By Chris Landa, Former Sr. Director of Content Partnerships at YouNow
As news of Studio71’s lawsuit against Bethany Mota broke, an aspect of the lawsuit most spectators focused on is the alleged diva behavior of Mota’s “Dadager” Tony during the deal. Many people reacting to the news brought this up as the reason behind the collapse, while other more experienced professionals felt this was a weekly occurrence in the influencer marketing world that finally managed to get publicity.
While the verdict on Mota’s case hasn’t been given, and will most likely be settled out of court, it’s raised questions regarding representation in online video. Below are the four different types of representation in online video along with insight into each.
A “360° Manager” is the same as a manager in traditional media with one notable exception: they often negotiate deals themselves. These managers have an exclusive relationship with talent, work with them on all matters relating to their career and help shepherd their career forward.
Even if the 360° manager is employed by a company and isn’t independent, the talent only pays the 15-20% commission to the manager and the expectation on the talent’s side is that the number one priority of the manager is their career. An interesting trend over the last few years is for Multi-Channel Networks to have a department for 360° managers, most recently evidenced by Studio71’s hiring of longtime independent manager Naomi Lennon.
Pros: A 360° manager can be worth their weight in gold as they often take the majority of the non-creative work off the creators plate and are a trusted ally in making sure they can continue their career growth in a way that allows them to be creative and happy.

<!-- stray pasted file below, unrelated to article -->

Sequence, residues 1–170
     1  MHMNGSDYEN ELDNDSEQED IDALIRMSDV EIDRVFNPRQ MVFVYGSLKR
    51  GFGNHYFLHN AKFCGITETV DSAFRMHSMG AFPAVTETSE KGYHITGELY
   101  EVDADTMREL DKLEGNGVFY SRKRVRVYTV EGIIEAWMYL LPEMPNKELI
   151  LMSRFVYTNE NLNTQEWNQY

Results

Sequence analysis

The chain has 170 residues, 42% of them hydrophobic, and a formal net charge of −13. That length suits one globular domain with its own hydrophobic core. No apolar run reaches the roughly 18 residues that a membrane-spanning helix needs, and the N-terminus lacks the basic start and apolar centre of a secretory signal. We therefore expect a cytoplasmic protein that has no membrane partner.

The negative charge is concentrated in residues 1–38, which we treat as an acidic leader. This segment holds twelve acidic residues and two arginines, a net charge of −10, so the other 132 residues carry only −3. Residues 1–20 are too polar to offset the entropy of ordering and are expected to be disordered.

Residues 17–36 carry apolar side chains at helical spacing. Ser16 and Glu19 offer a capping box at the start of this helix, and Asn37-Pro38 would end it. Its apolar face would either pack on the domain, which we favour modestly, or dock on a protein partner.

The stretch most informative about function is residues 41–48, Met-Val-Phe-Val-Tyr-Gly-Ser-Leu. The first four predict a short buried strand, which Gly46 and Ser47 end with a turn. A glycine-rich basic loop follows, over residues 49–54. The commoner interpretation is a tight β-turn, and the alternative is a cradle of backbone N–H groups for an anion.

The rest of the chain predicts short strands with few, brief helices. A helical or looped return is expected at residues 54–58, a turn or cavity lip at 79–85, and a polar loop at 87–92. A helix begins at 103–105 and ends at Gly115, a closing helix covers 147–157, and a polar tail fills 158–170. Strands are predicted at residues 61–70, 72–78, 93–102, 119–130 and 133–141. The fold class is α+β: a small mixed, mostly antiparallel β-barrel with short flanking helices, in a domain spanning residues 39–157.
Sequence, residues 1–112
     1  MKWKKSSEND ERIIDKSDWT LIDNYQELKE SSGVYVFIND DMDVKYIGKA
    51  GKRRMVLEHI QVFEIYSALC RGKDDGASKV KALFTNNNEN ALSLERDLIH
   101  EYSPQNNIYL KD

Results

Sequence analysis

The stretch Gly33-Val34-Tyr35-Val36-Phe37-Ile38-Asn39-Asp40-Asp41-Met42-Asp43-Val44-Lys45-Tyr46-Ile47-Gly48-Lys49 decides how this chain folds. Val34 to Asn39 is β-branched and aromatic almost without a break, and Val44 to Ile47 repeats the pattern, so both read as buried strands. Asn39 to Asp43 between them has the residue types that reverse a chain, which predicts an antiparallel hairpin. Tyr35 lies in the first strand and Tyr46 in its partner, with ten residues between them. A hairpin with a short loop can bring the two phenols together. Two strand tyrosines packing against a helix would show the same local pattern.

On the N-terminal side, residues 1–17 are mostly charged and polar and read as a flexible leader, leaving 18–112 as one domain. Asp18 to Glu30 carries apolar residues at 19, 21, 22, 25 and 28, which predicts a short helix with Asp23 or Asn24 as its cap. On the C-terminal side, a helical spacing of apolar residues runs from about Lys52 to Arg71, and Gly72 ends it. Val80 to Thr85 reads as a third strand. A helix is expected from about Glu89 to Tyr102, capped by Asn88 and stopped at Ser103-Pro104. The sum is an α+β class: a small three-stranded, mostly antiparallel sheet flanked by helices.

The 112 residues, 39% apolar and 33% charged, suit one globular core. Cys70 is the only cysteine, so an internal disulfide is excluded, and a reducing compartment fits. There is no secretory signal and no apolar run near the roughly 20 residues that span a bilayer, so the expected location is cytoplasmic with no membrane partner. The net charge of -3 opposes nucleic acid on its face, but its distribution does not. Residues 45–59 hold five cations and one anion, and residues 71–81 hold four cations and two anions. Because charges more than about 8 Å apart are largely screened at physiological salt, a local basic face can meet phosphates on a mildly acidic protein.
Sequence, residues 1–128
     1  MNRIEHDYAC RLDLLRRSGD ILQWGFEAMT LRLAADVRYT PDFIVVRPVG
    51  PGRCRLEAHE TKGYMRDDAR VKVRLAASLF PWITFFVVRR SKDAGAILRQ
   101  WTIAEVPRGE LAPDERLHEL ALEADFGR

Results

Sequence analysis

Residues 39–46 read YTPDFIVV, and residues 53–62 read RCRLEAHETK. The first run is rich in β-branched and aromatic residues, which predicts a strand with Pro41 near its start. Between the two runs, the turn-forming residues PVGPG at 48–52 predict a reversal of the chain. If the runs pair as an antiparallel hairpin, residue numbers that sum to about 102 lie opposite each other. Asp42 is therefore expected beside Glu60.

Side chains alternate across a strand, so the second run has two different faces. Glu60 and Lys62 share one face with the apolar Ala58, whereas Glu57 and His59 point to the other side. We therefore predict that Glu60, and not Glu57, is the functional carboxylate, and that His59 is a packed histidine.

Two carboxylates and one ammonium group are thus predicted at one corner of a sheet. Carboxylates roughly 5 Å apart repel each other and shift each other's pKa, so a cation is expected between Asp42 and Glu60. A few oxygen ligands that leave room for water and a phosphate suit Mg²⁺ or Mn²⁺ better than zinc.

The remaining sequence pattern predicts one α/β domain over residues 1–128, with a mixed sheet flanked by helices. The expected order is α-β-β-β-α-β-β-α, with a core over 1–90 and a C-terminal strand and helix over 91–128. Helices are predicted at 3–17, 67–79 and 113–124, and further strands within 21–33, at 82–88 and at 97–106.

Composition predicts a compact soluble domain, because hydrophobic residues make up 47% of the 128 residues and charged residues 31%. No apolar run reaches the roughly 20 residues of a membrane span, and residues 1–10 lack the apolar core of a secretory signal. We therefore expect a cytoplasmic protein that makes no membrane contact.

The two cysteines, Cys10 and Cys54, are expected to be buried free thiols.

Cons: As with YouTube and each emerging platform since, 360° managers with no real experience (or experience at all) often approach talent as they see an opportunity to establish themselves and make money. As a 360° manager is the biggest investment talent can make in their careers (15-20% of all earnings), talent needs to carefully vet any potential manager and make sure they know their experience, reputation and personality before signing with them. Additionally, there should not be a contracted term in the management agreement, which is something many new and inexperienced managers insist on.
Multi-Channel Network Managers (MCN Managers):
As Multi-Channel Networks formed and signed talent to their networks, the companies built out departments in order to provide customer service and other promises aligned with the company’s offering to talent at the time, such as channel optimization, promotion and brand integrations. The people working in these departments were often called Talent Managers or Partner Managers, which was never initially meant to include opportunities outside the ones provided by the company.
As time passed, many talent considered their MCN Manager their overall manager, as they didn’t fully understand what the role meant. As MCNs started offering more than their initial offering, including touring, merchandise, custom programming and more, more talent has decided to stick with their MCN Manager as their only form of representation. An interesting note is that often larger talent has both a 360° Manager as well as an MCN manager, who in that case is mainly maintaining and facilitating the relationship between the talent, the 360° Manager and the company.
Pros: If an MCN Manager is prioritizing the talent, they can often help bring more brand deals and revenue opportunities due to the company having fully staffed sales, distribution, touring and merchandise teams. Additionally, the MCN Manager gets no fee from any deal outside their purview unlike an Agent.